When I was offered the opportunity to serve on the board, immediately there there was no question I was going to join. I hit the ground running then. I decided to first become the secretary, then when the chair person decided to step down to pursue their PhD, she had asked me “would you be interested in taking this role?” My daughter was only 1 then, but something inside told me to just go for it. Why not? So i did, I took the plunge.

Before I knew it, I started to host more fundraisers and I noted that that brought people together. It wasn’t only about raising money for the camp, we also bonded as a community and the reason why is that there were a lot of volunteers who became involved in supporting the camp. CODAs, deaf people, all sorts of different people from a variety of programs and that was inspiring for me to see how many people were willing to volunteer and had the energy to support this. That really struck me as the importance of continuing this type of organization and involvement.

I’m not sure if this was a barrier or not, but the only barrier I had to overcome with this process was that there are some people who are afraid to make changes. They are so accustomed to the status quo and when people approach them with a new idea, they are like “wait no no hold on, I need to do my research, we need to check that we are following this or that rule.” But by the time that we figure it out, it’s too late! So it’s important for us to maintain the excitement of change and new ideas and really capitalize on the timing and the support from the people who are motivated to be involved. That is all about inspiring people and really wanting to keep the flame going. So thats basically an aspect of volunteerism— to inspire people to want to volunteer.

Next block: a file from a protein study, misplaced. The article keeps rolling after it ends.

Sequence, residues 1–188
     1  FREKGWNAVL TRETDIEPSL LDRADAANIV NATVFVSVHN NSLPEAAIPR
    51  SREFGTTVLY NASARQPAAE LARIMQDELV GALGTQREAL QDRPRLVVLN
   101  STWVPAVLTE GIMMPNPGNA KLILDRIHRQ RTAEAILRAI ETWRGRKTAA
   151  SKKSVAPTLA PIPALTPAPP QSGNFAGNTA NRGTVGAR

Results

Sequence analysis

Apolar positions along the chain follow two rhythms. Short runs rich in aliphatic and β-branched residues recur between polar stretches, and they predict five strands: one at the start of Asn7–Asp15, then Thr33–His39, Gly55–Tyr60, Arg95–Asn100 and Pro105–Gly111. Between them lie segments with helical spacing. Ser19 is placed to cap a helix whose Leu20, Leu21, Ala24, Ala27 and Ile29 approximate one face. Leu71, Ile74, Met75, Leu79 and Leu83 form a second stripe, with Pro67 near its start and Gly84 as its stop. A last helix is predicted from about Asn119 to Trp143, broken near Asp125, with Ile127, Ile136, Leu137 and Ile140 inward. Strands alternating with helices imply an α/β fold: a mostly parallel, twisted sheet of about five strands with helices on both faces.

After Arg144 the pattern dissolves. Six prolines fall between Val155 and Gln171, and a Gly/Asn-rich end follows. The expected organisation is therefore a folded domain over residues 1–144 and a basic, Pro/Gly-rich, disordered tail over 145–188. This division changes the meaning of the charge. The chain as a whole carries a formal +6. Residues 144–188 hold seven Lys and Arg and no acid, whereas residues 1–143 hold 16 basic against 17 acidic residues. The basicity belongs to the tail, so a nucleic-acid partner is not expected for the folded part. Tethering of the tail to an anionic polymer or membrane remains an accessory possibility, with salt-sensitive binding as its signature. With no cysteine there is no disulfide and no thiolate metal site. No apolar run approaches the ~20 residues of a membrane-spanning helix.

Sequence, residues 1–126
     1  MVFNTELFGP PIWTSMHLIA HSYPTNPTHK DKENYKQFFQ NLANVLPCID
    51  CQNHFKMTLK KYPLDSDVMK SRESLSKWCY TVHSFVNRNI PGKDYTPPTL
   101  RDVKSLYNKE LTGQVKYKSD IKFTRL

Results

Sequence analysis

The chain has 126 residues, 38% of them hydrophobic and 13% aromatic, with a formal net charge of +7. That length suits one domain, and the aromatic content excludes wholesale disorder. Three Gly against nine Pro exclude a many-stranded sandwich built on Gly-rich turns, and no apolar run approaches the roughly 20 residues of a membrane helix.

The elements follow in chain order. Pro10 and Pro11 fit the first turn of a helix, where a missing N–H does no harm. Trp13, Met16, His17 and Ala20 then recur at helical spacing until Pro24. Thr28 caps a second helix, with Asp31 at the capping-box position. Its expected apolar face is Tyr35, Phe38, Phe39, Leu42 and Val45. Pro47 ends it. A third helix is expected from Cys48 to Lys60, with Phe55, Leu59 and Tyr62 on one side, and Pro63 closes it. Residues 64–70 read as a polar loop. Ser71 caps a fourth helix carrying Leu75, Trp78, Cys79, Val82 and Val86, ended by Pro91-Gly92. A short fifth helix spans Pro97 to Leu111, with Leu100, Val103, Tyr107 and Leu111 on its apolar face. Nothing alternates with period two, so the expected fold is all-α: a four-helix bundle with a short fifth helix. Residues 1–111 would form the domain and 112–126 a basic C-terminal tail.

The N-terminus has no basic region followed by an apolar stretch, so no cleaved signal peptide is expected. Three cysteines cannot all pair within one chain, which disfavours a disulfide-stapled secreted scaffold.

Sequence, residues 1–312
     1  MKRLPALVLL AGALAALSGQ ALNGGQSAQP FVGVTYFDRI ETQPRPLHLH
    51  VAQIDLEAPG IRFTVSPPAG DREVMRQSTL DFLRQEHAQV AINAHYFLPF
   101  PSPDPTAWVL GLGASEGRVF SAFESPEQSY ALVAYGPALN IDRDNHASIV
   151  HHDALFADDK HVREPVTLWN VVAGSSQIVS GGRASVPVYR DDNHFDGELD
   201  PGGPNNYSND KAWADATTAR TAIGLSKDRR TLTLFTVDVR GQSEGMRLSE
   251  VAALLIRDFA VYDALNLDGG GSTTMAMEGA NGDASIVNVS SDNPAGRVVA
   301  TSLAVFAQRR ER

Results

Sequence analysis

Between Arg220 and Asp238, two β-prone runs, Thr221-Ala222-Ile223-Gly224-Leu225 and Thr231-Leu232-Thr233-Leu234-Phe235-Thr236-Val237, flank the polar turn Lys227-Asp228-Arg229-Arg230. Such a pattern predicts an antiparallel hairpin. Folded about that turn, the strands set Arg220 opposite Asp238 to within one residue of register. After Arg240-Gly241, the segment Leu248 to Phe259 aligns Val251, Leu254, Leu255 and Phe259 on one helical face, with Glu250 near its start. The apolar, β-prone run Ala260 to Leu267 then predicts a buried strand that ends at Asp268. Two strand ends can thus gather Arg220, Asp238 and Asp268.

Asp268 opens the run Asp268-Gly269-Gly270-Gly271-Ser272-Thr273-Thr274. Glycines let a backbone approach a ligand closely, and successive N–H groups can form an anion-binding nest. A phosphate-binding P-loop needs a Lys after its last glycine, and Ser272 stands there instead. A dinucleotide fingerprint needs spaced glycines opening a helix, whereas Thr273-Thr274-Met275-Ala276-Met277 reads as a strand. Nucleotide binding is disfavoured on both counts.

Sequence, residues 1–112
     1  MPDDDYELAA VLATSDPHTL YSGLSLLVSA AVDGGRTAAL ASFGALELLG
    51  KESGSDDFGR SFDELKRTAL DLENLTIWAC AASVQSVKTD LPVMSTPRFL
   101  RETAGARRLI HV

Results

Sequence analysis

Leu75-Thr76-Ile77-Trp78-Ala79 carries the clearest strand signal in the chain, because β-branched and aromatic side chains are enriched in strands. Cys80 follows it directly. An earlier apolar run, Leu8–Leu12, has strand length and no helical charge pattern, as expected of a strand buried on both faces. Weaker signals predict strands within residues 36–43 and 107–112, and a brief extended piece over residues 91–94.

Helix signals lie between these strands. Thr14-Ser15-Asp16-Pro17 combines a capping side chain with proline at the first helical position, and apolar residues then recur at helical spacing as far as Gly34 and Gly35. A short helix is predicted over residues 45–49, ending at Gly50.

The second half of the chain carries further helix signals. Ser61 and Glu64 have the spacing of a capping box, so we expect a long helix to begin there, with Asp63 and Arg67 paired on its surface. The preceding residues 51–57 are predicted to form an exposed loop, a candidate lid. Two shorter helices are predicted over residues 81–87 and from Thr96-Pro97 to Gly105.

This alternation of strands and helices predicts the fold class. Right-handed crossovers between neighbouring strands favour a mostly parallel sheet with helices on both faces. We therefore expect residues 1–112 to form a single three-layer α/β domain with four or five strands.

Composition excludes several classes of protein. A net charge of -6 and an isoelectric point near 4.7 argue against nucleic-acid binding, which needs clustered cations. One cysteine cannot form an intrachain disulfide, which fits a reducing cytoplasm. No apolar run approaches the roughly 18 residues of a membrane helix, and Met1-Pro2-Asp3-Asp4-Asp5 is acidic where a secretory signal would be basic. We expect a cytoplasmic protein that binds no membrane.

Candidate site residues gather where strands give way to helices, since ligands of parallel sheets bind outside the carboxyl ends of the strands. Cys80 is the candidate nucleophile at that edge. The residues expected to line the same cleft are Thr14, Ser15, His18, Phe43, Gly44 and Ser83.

Deaf Advantages:
The feeling of unity and common interest and goals and support and language, THAT foundation is the feeling of CM7. When you go there, its different than other place because you feel you own the camp because you’re part of it. You’re part of this community. Anyone who goes and volunteers, they contribute to this growth and development and I feel that that’s their reward. And that’s what I see, the unity of the community, feeling a sense of pride. That’s a really big part of it.